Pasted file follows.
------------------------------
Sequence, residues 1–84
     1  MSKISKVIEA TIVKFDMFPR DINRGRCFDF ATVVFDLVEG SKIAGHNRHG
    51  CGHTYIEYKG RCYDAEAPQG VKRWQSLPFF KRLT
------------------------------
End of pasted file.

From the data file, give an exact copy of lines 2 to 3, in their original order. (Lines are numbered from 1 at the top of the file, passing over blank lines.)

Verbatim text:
     1  MSKISKVIEA TIVKFDMFPR DINRGRCFDF ATVVFDLVEG SKIAGHNRHG
    51  CGHTYIEYKG RCYDAEAPQG VKRWQSLPFF KRLT